DavidXanatos Developer

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    TrueCrypt's lack of official support in combination with its extremely restrictive license (an lawsuit waiting to happen) makes TC unfit for corporate use.

    Linux for example also does not have any official support, not even an official manufacture, but thanks to its License there is plenty of support through communities ad well as commercial support from like RedHat.
    A company wanting to use the Product can purchase support from qualified parties and relay on it.

    Due to TC's license its unlikely that some Company will start providing business support.

    TC is hindering its own potential through its License.
    As already someone said TC is open source and comes at no cost but it is not free.
     
  19. Justin Troutman

    Justin Troutman Cryptography Expert

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    I'm glad y'all brought support and licensing up; that's probably the biggest deal, in regards to TrueCrypt as a business decision. There's a lot of potential, yet it appears that they aren't sure what to do with it. Maybe they are. Then again, without any involvement in the community that they are fortunate to have amassed, who knows what their vision is. With all of this in mind, it probably doesn't scale half as well as it could. If they don't harness this potential, they're going to shut themselves off to the audience that would likely benefit most.
     
  20. DavidXanatos

    DavidXanatos Developer

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    Well I think their agenda is to provide an encryption program for dissidents and people living under live threat. Like in china.
    Thay seams not to be interested in providing encryption for organizations and/or people just consurned about their privacy/rights (like for example Filesharers)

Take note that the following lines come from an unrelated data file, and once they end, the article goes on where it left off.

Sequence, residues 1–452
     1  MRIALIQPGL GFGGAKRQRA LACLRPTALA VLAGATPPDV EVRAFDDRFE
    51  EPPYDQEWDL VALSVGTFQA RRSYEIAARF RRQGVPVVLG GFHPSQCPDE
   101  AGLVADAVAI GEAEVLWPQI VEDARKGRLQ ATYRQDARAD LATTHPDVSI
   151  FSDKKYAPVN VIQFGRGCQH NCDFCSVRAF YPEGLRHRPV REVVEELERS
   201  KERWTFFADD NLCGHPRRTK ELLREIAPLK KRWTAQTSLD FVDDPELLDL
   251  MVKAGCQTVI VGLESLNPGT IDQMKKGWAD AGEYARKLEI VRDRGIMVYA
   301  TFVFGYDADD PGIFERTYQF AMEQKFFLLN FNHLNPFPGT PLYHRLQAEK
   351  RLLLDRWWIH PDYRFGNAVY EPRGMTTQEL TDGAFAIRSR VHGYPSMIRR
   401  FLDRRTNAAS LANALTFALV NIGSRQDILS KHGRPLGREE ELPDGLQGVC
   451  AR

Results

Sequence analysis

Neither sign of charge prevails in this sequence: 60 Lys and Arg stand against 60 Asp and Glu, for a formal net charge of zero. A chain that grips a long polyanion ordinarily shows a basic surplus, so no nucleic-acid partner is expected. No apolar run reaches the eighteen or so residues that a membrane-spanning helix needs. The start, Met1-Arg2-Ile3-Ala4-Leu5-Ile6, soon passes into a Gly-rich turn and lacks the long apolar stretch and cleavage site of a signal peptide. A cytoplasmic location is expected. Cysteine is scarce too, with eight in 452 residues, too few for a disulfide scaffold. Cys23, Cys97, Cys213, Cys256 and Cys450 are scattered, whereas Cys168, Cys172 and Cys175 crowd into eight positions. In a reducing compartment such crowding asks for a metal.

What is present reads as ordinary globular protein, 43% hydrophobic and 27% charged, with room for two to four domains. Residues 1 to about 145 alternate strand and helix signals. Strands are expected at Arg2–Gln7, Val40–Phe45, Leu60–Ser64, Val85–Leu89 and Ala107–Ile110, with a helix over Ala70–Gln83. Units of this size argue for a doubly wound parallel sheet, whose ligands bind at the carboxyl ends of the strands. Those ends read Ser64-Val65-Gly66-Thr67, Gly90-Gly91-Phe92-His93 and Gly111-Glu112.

For people who just needs some privacy to prevent people like the RIAA/MPAA a.k.a. MAFIAA being able to prove how much MP3's and cam rips one head on his multiple TB large raid array.
    The TC devs seams to have lite more than plain disregard.

    The reason behind this I don't know or understand.
    But my impression is as stated above and I'm convinced its quite accurate.

    I'm still using TC but more and more I'm looking for an alternative...
     
  21. Pleonasm

    Pleonasm Registered Member

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    And, the inability of TrueCrypt to centrally provide key management, provisioning and policy enforcement further suggests that it will not succeed within a corporate environment.
     
  22. PC__Gamer

    PC__Gamer Registered Member

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    i use TrueCrypt,

    basically ive created just a 1gb volume which i put all my personal and private things in, just incase my machine should be infected or compromised.

    its 1gb storage of my personal files, a safe net - a just incase type of volume.

    impressive software indeed, just what everyone should use for those personal-type of files within their computer. :D
     
  23. Chuck57